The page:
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Re: MS Windows Screensaver Privilege Escalation
From: Andrew Kennedy <andrewinternational () gmail com>
Date: Wed, 1 Dec 2004 04:50:14 +0000

On 29 Nov 2004, at 16:40, Paul Schmehl wrote:
--On Sunday, November 28, 2004 09:41:23 PM +1300 Nick FitzGerald 
<nick () virus-l demon co uk> wrote:

That's because it is (more than) pretty stupid to let users install
software at all.  The job of system administrators is to "manage" the
systems they are responsible for.  With Windows systems that requires
that "ordinary users" (i.e. everyone whose job is not officially
"system administrator") _MUST NOT_ be allowed to install new software.
Sadly, extraordinarily few Windows system admins actually have enough
nouse to realize this, and most of the few who do cannot get enough
management muscle to back such a "draconian" policy.

This model breaks down, of course, in the home market, where people 
want unfettered access to their computer.

well, for what it's worth, OSX offers this kind of thing. at system 
installation, an 'Adminstrator' privileged account is created, for the 
main user of the computer. this basically means that 'sudo' access is 
granted to this user. whenever 'dangerous' things, like access to 
protected directories, chamging network settings, reconfiguring bits of 
the system, the user's password must be re-entered (*not* a 'root' 
password, mind). this tips the user off that something important is 
happening, and gives them a chance to back out or stop and think about 
what they've done.

in fact, under OSX, there is by default no 'root' user - it must be 
specially asked for and created, as part of the 'BSD' package. i won't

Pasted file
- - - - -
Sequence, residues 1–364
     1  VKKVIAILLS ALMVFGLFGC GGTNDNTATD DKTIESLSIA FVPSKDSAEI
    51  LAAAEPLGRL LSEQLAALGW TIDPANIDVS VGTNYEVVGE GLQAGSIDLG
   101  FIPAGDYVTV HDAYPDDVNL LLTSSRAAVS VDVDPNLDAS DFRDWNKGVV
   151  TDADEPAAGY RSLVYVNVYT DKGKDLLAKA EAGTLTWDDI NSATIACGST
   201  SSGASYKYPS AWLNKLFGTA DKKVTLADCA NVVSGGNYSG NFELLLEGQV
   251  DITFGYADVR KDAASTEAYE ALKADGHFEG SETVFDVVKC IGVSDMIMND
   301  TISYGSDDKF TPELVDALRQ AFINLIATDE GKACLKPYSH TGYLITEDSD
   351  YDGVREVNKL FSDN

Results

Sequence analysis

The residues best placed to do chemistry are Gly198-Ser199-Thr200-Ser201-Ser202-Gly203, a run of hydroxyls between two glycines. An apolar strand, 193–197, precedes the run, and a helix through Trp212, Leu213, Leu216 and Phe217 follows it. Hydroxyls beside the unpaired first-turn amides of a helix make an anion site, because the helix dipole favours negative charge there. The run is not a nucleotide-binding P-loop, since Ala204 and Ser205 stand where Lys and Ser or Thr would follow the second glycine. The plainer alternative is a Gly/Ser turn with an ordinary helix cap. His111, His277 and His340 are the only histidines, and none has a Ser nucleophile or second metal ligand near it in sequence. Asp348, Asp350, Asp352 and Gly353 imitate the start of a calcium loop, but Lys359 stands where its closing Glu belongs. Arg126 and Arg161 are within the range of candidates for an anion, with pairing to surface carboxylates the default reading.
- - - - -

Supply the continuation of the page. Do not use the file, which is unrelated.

say apple have gotten things perfect, for example the 'Applications' 
folder is writeable by any user, so rogue apps can be installed by any 
idiot, and a lot more besides, but it goes a long way in front of 
windows (which is mostly due to the BSD heritage...)

What we need is a paradigm shift in thinking about security and 
computers. We need "users" to be required/forced? to change accounts 
to install software.  Something like a virtual session, so that, when 
they're logged in, and they decide they want to install something, 
when they attempt to install, the system forces them into a virtual 
session, authenticates them as root/admin and performs the install 
within that session.  Once the install completes, the session closes, 
and they're back to "joe user" again.

People could still override this, but they would (obviously) have to 
be somewhat knowledgeable to do it.  (Really what we need is the unix 
model, where users can never be admins and admins *should* never be 
users, but we *all* know that's never going to happen.)

Just last night my 28 year old daughter was complaining about having 
to update her laptop.  She called it "a second job" that she wasn't 
paid for. She yearns for "automated updates" that she doesn't have to 
deal with.  On a corporate network, that's doable, but at home???  I 
explained to her why trusting her computer's updates to someone else 
was a bad thing, but that only made her more knowledgeable, not more 
happy.  :-)

-- andrew kennedy ? international : copyright two thousand and four

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